Hands Down, House Intel Panel OKs Cybersecurity Sharing Bill

2 mins read

The House Intelligence Committee passed a cybersecurity bill on Thursday with a few amendments. The bill aims to increase sharing of cybersecurity intelligence between agencies and private companies.

By a 17-1 vote, the committee passed the Cyber Intelligence Sharing and Protection Act of 2011. The bill builds on a pilot Pentagon program for sharing sensitive information with defense contractors.

Through the amended bill, private companies are able to voluntarily share information about electronic threats with the government and in return, would receive liability protections, according to the Politico report.

While there was some worry that the bill would lead to invasions of privacy, the bill now includes specifications that give a better picture of agencies only accessing information when it is actually necessary.

The bill says that the Director of National Intelligence will issue guidelines for granting security clearances and expedite those clearances if necessary. A list of companies are also eligible to access classified information from agencies, such as the National Security Agency.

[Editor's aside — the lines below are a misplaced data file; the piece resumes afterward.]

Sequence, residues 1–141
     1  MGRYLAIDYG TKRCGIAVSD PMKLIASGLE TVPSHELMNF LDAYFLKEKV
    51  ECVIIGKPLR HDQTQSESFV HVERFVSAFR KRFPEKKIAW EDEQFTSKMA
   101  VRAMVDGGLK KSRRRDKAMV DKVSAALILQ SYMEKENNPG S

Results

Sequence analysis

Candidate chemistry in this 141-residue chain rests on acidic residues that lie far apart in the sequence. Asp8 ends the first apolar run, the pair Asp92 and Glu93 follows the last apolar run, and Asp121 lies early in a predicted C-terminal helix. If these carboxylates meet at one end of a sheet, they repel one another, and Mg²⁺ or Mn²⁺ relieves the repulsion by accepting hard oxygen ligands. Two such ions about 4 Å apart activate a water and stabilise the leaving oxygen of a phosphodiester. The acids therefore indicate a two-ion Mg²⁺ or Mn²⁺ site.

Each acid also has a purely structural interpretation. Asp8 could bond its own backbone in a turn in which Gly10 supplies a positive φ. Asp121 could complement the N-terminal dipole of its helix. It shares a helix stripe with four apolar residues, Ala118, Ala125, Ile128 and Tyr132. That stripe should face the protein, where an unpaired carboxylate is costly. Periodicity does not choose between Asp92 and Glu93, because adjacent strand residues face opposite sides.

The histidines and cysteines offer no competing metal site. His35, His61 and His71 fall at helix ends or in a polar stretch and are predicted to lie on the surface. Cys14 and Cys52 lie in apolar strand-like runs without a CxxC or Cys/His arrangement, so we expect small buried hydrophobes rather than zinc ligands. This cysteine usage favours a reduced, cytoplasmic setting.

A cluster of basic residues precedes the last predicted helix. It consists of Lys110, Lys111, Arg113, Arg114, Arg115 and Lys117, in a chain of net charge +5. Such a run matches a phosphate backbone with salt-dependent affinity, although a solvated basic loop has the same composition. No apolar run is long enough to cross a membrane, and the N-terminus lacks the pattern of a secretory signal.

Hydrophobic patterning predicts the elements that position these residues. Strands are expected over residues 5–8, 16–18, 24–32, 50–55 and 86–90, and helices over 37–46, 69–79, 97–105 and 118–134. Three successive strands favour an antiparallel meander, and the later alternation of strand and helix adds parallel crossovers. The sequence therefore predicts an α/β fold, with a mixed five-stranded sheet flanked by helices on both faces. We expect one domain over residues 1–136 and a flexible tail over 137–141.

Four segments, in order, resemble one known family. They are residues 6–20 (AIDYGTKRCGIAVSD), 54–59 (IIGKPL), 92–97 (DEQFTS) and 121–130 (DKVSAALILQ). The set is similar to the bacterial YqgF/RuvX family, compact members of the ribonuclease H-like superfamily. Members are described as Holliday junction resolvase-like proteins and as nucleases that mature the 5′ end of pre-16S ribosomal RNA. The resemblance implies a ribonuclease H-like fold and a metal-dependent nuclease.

The bill says that cybersecurity providers will be allowed to use cybersecurity systems to identify threats and “share such cyber threat information with any other entity designated by such protected entity, including, if specifically designated, the federal government.”

Expanded privacy protections on company data given to the government is included in the bill as well. Customer data for example could and should be used for national security.

With the new measures of sharing comes specific regulations, including the barring the government from searching collected data unless it is needed to secure networks vulnerable to attacks.

While the House panel has approved the bill, it still has to face the entire House and Senate for full approval.

Previous cyber sharing coverage:

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